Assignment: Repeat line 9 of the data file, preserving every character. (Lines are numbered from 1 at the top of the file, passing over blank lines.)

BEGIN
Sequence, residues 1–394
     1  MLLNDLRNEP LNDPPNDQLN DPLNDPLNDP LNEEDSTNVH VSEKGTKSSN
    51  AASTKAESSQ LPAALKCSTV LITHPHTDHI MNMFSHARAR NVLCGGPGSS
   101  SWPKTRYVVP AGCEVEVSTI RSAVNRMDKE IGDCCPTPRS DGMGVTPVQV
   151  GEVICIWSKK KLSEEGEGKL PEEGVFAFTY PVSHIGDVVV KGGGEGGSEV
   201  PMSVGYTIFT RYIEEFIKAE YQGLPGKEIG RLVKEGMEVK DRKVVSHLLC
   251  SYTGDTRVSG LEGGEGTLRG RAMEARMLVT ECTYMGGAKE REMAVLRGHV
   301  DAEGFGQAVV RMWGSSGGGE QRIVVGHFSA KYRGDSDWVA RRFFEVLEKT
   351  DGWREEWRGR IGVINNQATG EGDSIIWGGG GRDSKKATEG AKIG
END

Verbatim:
   351  DGWREEWRGR IGVINNQATG EGDSIIWGGG GRDSKKATEG AKIG